"She had always helped out in the barn and fields but told me 'You stay out!You'll be thought of just as much," Gertie recalled.
Indeed, there was plenty for the busy wife and mother to do on her 'side' of the driveway.
Using profits from the 300 spring chicks she raised and sold each year, Gertie bought her first horse and saddle for $125.
She would go on to become a 4-H Saddle Club leader with Red and help her husband organize the Lapeer County Sheriff's Posse.
• • •
From atop her horse or out her kitchen window, Gertie developed a keen eye for nature and the seasons.
It has always seemed to me that the calendar year should start with spring. This is when the natural new year begins in our corner of the globe. The earth awakens from its winter nap and the growing season is at hand.
It's her first entry in 'Through the Seasons' and on March 20, 1972, Gertie notes that spring officially arrived at 7:21 in the morning at which the first killdeer made its appearance.
All of the creatures at Memory Maples seemed to be tuned to spring. The sparrows' chirp seems more vigorous and they were bathing in the mud puddles.
The thrill of spring comes with looking skyward and not earthward. The sun feels springy and the sky has a brighter hue, giving assurance of better things to come.
Today, she keeps track of the comings and goings of the birds on a calendar that hangs in her kitchen.
• • •
And so it was with traveling, another of Gertie's favorite things, she could meld history and nature and make for some fascinating columns that Tri-City Times' readers could enjoy.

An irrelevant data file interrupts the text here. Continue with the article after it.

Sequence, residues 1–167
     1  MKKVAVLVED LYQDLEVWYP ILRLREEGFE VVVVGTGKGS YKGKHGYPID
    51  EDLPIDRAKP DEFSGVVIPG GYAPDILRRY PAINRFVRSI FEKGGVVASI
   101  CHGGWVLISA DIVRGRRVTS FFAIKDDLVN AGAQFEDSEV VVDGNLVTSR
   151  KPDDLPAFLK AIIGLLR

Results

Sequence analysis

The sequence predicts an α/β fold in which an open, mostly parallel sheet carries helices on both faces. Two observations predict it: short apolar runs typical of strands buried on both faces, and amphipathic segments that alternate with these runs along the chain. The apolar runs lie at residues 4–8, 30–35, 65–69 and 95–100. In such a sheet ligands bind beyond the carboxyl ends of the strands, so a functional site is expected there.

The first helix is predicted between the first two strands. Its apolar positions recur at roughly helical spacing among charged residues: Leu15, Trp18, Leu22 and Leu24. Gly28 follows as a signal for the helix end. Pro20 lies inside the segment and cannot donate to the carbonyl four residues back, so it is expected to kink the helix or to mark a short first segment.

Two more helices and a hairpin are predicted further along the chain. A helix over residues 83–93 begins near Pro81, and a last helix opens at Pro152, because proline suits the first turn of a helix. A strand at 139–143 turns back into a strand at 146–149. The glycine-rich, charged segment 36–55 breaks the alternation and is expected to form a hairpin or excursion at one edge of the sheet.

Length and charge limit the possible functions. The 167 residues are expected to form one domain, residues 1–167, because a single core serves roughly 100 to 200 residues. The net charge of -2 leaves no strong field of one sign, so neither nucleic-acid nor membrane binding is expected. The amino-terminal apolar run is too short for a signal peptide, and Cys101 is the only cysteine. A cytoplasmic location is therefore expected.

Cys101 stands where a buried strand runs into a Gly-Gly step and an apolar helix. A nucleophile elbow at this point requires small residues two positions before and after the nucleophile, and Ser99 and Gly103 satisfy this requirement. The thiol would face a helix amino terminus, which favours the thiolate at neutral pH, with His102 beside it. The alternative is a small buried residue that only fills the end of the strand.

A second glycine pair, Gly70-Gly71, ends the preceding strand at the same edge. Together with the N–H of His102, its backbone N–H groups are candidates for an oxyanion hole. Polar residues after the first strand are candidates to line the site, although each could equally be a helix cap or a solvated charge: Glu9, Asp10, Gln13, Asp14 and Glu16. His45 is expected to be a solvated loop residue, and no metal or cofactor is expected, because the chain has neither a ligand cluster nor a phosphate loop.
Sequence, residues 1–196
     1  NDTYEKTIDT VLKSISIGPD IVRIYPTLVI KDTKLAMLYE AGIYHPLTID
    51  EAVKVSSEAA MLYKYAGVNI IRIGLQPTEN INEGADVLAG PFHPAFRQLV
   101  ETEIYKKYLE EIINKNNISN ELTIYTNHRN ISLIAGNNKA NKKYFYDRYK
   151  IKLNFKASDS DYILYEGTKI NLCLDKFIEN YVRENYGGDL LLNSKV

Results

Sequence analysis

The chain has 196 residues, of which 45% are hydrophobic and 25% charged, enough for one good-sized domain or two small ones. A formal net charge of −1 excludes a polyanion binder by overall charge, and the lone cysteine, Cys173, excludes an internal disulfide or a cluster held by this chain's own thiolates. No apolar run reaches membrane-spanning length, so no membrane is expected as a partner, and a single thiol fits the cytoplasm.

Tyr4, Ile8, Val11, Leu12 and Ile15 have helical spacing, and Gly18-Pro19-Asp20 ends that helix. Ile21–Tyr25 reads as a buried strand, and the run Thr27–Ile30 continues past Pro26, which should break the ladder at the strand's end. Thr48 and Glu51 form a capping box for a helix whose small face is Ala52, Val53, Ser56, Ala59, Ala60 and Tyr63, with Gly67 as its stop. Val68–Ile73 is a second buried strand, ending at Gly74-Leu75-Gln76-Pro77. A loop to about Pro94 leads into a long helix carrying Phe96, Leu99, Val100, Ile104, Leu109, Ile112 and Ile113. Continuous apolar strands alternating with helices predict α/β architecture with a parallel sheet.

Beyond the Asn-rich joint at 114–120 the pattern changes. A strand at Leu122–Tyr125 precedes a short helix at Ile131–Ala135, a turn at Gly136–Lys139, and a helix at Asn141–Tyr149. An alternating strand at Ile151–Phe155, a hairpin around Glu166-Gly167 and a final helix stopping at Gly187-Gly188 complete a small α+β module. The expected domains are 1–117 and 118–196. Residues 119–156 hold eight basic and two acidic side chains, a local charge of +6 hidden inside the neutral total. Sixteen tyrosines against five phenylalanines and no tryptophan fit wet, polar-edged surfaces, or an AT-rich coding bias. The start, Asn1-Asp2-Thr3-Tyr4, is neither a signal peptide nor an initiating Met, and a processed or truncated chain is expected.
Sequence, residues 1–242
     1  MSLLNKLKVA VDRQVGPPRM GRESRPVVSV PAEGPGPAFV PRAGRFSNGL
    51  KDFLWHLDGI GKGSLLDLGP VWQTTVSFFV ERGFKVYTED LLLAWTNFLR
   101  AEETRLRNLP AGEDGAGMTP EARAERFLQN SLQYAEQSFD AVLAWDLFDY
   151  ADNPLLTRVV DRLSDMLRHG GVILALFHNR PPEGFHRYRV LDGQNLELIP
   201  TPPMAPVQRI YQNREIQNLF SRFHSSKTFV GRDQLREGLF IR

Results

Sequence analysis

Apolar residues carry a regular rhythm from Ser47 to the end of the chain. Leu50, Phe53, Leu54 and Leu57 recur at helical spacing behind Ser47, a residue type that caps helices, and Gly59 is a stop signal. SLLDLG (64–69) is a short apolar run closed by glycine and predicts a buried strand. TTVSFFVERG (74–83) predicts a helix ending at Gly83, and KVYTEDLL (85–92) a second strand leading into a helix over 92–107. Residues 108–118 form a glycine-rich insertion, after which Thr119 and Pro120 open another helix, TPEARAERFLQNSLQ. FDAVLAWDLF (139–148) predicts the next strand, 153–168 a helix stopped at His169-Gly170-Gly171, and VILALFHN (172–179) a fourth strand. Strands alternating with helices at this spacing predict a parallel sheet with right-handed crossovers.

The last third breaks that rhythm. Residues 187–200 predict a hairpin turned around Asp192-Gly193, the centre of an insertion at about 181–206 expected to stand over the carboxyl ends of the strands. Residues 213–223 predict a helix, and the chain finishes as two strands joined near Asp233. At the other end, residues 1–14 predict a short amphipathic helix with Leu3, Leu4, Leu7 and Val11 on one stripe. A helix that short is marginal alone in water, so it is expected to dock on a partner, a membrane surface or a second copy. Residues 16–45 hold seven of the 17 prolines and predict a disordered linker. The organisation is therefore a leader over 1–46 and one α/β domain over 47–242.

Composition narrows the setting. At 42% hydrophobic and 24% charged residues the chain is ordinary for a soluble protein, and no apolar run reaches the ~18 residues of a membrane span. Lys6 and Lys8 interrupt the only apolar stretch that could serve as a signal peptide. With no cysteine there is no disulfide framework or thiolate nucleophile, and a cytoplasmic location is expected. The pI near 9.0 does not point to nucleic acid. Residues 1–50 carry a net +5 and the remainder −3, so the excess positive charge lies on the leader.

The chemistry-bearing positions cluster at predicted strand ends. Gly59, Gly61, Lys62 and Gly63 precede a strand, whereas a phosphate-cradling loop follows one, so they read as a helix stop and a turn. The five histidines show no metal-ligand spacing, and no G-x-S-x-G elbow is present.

Years ago, she and Red set out on some amazing road trips—Alaska and Maine among others.
Alaska ranks among her favorite destinations for, not surprisingly, its wilderness, she says.
"You can look up into those mountains and know there's no beer cans out there," she said.
Since Red's passing ten years ago, Gertie's teamed up with family and friends to keep exploring.
With friend Barb Becker, the two have ventured as far as Ireland and Hawaii.
"She's a great friend and companion," Barb said of Gertie.
"We've had lots of laughs. I'll miss her and our little country church will miss her."
• • •
Another adventure is calling. There's no doubt, she'll miss her family, friends and church—West Berlin United Methodist—but she says she'll visit often.
Thankfully, she's promised to keep writing. We look forward to more memories and wish Gertie luck in creating new ones in her new home.